If you’ve recently moved house or changed jobs, a well-stocked LFS with knowledgeable staff could be just around the corner, but as someone who walked past the Aquatic Design Centre in London six times before realising it was there, I can confirm that the finest gems aren’t always well signposted.
Get to know the staff too – most will be enthusiasts first and salespeople second, so you could learn a lot from a long chin-wag over the new stock.
7 Up your hardscape game
New Year isn’t just a good time to make the necessary changes in your own house; it’s well worth giving your fishes’ home a new look too. When it comes to decor, bolder is often better, so invest in striking hardscape and build dramatic structural forms that not only provide enrichment for your fish, but turn your tank into a living work of art.
If your tank still holds the plastic plants, miniature castle and Dorset pea gravel you bought in 1998, it’s never too late to start experimenting. Black or dark grey sands will make the colours on your fish really pop and 3D backgrounds can create the impression of a beautiful underwater cavern. Lava rock is lightweight and easy to stack. while jagged pieces of slate and marble can nicely complement monochrome living room furniture.
Last year I cheered up my planted community with 30kg of lovely orange sun-stone and have never looked back. An aquarium can be a standout feature of your home, so why shouldn’t it reflect a bit of your personal style?
8 Go Dutch
It doesn’t matter whether you show a photograph of a Dutch-style planted community tank to an experienced aquarist, or a total novice or non-fishkeeper, the general expression of awe and envy will be the same.
Differing from the usual ‘this ‘n’ that’ planted set-up, the Dutch-style aquarium mixes blocks of contrasting colours, leaf shapes and textures, keeping hardscape to a minimum and allowing the variety of foliage to take centre stage. They can mean a little more work and cost than the average community tank (especially if you plan to use a CO2 cannister), but it’ll be worth it almost immediately.
Give one of these magnificent underwater gardens a try – the display could be so spectacular, you’ll forget you’ve even got fish in there.
9 Out of the tank and onto the walls
Fishkeeping is no different to any other hobby in that if you love it, you want to go all-out in a been there, done that, got the t-shirt sort of way. With this in mind, anyone looking to build up an art collection should look no further than the sheer scope of beautiful imagery that has sprung from the world of ornamental fish. You don’t need a particularly massive budget – antique prints and colour plates from old aquarium books start at very modest prices, while the market for fish photography consists mostly of enthusiasts selling to other enthusiasts. If you love a species, celebrate that species on your walls, as well as in your tank. Websites like Etsy can be very handy for bespoke illustration and sculpture (especially if you’re a Betta fan) but you can always try your hand at creating your own aquatic artworks. A word of caution though – it’s always good to get feedback from your partner/parents/housemates before redecorating on a theme. You may love it, but not everyone wants an enormous Koi carp mural right across their living room wall. Which brings us on to…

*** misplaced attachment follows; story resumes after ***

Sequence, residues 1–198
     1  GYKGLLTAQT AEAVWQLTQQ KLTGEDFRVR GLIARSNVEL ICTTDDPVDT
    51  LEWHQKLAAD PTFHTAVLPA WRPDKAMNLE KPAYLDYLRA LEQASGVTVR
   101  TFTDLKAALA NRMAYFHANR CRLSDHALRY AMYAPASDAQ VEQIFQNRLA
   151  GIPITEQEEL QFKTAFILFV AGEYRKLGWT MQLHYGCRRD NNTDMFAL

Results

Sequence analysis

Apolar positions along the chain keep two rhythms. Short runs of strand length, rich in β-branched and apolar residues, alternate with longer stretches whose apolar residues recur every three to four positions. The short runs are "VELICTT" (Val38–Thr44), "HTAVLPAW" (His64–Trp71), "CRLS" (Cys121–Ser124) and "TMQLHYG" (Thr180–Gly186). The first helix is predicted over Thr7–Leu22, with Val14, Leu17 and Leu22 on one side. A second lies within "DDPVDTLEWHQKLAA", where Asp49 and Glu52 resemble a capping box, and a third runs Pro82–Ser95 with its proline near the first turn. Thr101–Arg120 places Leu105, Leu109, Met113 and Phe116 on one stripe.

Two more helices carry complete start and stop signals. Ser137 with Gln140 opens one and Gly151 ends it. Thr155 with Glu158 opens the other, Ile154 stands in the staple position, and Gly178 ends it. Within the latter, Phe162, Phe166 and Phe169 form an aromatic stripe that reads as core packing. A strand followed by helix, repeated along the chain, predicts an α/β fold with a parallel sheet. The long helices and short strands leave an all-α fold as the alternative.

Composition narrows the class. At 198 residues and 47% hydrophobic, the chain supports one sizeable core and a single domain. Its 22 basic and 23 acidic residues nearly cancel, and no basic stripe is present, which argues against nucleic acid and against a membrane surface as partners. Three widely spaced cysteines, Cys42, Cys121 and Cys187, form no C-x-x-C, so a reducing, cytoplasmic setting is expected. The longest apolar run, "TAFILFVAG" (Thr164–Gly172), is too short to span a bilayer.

10 Spread the love
I like to think otherwise, but I would never have progressed on my fishkeeping journey without the support of a great many friends and family members willing to be dragged into aquatics shops, listen to me drone on about fish for hours, and help me lug many a tank through improbably narrow doorways or down multiple flights of stairs. We owe a lot to those who put up with us (and our fish), so let’s resolve to make 2019 the start of a conscious effort to include our families, friends and kids in our hobby. We can help those of all ability levels feel confident in enjoying all the things we love about fishkeeping just as much as we do.
That spirit of inclusivity might come in the form of setting up a nano tank as a present for an older relative (while patiently explaining they really shouldn’t feed more than every other day), or letting your other half actually pick something at the LFS without rolling your eyes. But however it manifests, let’s be kind, be welcoming and be the best ambassadors for a new and inclusive way of keeping fish.
Biotopes add a certain extra interest.
A freelance writer with a day job in aquatics retail, Ingrid is a huge fan of anabantoids and biotopes.
Improve their vitality, improve your engagement.
You’ll remember how fun it was.
Fishy events make a great day out.
Bold hardscape can look amazing.
Species-only tanks can be surprisingly interesting.
Do you know all your local shops?
Try different styles of planting.